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    If your Hugi hub disassembles like mine does (a newer Hugi tandem hub), it is possible to take it apart and check the star ratchet with no tools at all; in fact, I carry a spare star ratchet so that I can do a field repair if necessary.

    Remove the rear wheel and take out the skewer. Lay the wheel down with the cassette side facing up. Grip the cassette with your fingers between the spokes and the largest cog and lift straight up as if you were trying to lift the cassette off of the cassette body. A small amount of force may be necessary, and of course, you'll need to hold the wheel down as well. I find that curling my fingers up with the knuckles against the spokes usually does the job.

    What makes this work is the fact that everything is more or less held together by a captured o-ring in the axle. When the wheel is mounted, the skewer makes sure that things stay together.

    If you do manage to get it apart, pay particular attention to the four parts that you will liberate- a washer that goes under the star ratchet in the hub side, the two parts of the star ratchet, and the spring on the cassette body side. You want to get these back into their correct locations to avoid turning your tandem into a fixed-gear ride (with disastrous results for the chain and rear dérailleur I might add).

    Once you've got it apart, it's really easy to see how it all works, and by extension, what's wrong. If nothing's actually broken, clean it all up and apply a *light* coat of grease- too much grease in there is probably worse than not enough as it can keep the ratchets from engaging. A little grease on the o-ring will help when you push it back together.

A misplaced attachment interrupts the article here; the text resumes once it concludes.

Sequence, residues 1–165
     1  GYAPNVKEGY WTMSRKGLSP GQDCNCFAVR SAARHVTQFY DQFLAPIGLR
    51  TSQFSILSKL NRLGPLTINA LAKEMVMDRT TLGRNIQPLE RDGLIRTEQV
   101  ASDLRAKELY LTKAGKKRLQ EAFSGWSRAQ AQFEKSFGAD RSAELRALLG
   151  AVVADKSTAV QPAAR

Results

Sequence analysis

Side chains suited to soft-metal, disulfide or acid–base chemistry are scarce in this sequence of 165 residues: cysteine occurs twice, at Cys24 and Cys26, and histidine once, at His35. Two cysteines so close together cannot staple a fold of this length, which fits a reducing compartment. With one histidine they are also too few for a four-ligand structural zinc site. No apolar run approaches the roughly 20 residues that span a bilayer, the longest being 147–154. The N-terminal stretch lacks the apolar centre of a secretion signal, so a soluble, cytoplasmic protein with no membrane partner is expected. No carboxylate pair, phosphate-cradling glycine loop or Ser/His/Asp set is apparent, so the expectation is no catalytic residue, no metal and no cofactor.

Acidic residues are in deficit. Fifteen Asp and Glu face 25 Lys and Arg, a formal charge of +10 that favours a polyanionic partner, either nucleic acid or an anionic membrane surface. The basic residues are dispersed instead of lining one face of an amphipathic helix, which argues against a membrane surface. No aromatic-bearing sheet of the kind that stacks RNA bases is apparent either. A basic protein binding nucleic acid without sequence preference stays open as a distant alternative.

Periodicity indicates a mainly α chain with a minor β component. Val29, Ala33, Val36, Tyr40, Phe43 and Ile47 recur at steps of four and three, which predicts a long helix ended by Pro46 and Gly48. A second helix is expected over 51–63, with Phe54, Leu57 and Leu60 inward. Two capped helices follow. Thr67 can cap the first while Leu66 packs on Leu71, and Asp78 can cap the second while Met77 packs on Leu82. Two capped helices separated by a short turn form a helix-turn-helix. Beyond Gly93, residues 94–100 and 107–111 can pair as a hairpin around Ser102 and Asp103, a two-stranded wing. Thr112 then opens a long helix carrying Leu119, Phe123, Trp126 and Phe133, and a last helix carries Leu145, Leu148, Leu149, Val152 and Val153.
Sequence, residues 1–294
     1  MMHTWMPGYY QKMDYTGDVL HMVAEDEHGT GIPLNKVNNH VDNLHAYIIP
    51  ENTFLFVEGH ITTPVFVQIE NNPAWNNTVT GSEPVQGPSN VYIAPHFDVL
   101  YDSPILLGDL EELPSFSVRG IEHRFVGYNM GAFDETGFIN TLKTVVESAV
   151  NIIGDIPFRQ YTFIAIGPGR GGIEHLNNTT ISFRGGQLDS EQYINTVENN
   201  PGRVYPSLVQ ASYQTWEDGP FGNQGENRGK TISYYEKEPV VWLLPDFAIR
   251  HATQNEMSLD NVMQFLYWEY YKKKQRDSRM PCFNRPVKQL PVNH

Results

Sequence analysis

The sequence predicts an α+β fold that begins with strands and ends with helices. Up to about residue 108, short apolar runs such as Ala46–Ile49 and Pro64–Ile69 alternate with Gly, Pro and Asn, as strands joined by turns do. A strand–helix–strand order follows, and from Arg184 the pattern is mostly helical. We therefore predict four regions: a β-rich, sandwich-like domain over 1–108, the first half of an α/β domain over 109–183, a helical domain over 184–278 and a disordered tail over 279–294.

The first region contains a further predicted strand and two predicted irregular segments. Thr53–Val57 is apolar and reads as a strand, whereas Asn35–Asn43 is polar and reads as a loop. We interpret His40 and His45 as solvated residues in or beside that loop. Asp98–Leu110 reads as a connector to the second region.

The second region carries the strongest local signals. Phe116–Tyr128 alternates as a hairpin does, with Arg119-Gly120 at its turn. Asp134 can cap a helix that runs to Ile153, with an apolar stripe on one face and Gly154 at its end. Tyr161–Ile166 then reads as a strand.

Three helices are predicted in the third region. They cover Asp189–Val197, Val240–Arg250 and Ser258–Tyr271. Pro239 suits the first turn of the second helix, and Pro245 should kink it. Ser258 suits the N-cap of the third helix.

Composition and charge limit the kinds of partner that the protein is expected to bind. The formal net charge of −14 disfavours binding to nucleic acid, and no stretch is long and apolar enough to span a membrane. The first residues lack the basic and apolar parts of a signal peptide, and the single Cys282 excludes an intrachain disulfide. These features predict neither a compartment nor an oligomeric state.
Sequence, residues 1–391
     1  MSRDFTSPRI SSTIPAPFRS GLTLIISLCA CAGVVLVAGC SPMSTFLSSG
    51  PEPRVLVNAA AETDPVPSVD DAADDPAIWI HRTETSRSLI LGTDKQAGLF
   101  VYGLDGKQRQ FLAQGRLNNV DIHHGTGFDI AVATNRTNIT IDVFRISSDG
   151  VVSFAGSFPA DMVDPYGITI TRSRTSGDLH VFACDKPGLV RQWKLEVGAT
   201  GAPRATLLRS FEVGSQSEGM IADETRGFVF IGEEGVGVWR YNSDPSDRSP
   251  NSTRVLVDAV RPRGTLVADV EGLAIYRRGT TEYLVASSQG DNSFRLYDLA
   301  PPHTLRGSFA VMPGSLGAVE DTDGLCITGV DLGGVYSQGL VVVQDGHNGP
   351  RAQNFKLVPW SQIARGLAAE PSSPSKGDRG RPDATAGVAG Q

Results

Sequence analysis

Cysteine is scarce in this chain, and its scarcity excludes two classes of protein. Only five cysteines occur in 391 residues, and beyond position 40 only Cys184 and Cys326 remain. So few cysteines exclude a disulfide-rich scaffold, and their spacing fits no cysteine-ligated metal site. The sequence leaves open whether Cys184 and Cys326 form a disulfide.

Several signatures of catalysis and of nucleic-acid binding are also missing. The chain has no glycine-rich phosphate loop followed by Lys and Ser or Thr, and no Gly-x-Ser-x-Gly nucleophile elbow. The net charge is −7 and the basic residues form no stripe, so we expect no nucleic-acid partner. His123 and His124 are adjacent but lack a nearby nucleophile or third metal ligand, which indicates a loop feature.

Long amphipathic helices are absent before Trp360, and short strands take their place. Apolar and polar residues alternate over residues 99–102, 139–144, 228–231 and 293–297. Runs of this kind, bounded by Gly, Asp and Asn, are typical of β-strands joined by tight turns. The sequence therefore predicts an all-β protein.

I'm not familiar with the compact type of hub you mention, but this procedure is probably worth a try. It certainly takes a lot less time to do than it does to explain.

    Also, DT Swiss has manuals for all of these hubs on their website. It takes a little poking around to find them, but they are there.

    Good Luck with the repair-

    Rick

  4. #4
    hors category TandemGeek's Avatar
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    Quote Originally Posted by RickinFl
    DT Swiss has manuals for all of these hubs on their website. It takes a little poking around to find them, but they are there.
    http://www.dtswiss.com/index.asp?fus...nuals.bikehubs

    The front of each manual is filled with schematics, but you should find nice "how to" instructions and photos of each step thereafter.

  5. #5
    Senior Member geoffs's Avatar
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    A friend has one of the old Hugi hubs on their tandem. It broke down for the third time recently when they were a long way from nowhere after riding along a "I wonder where this goes" road. It took them hours to walk and roll back to the nearest train station. Alan had a spare ratchet at home so he repaired it again but each time it's repaired, the hub seems to make more noise.